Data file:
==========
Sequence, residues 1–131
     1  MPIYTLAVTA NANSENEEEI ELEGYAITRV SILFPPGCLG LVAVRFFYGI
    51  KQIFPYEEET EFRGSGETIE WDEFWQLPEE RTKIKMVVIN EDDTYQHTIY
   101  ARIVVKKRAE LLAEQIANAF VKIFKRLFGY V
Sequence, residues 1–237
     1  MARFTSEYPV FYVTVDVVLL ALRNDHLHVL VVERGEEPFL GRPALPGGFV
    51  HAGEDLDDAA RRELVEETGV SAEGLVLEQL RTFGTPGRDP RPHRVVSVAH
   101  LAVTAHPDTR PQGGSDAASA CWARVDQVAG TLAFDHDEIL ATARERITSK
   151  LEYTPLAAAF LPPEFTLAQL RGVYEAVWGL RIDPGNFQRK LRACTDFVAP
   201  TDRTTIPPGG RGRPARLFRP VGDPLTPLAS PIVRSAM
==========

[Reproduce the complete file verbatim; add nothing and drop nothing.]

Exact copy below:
Sequence, residues 1–131
     1  MPIYTLAVTA NANSENEEEI ELEGYAITRV SILFPPGCLG LVAVRFFYGI
    51  KQIFPYEEET EFRGSGETIE WDEFWQLPEE RTKIKMVVIN EDDTYQHTIY
   101  ARIVVKKRAE LLAEQIANAF VKIFKRLFGY V
Sequence, residues 1–237
     1  MARFTSEYPV FYVTVDVVLL ALRNDHLHVL VVERGEEPFL GRPALPGGFV
    51  HAGEDLDDAA RRELVEETGV SAEGLVLEQL RTFGTPGRDP RPHRVVSVAH
   101  LAVTAHPDTR PQGGSDAASA CWARVDQVAG TLAFDHDEIL ATARERITSK
   151  LEYTPLAAAF LPPEFTLAQL RGVYEAVWGL RIDPGNFQRK LRACTDFVAP
   201  TDRTTIPPGG RGRPARLFRP VGDPLTPLAS PIVRSAM